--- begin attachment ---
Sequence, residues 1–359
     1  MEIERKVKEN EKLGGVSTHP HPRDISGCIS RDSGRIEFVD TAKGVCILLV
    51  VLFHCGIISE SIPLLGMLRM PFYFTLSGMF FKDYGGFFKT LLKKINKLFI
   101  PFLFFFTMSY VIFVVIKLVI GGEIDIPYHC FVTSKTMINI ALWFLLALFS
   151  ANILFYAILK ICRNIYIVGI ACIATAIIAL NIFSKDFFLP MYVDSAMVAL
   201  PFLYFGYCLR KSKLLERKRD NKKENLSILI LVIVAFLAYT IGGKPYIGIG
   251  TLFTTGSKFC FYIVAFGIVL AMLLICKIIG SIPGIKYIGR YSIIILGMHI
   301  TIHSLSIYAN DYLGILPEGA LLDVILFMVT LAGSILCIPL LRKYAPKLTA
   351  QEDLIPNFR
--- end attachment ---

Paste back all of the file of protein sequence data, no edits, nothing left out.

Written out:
Sequence, residues 1–359
     1  MEIERKVKEN EKLGGVSTHP HPRDISGCIS RDSGRIEFVD TAKGVCILLV
    51  VLFHCGIISE SIPLLGMLRM PFYFTLSGMF FKDYGGFFKT LLKKINKLFI
   101  PFLFFFTMSY VIFVVIKLVI GGEIDIPYHC FVTSKTMINI ALWFLLALFS
   151  ANILFYAILK ICRNIYIVGI ACIATAIIAL NIFSKDFFLP MYVDSAMVAL
   201  PFLYFGYCLR KSKLLERKRD NKKENLSILI LVIVAFLAYT IGGKPYIGIG
   251  TLFTTGSKFC FYIVAFGIVL AMLLICKIIG SIPGIKYIGR YSIIILGMHI
   301  TIHSLSIYAN DYLGILPEGA LLDVILFMVT LAGSILCIPL LRKYAPKLTA
   351  QEDLIPNFR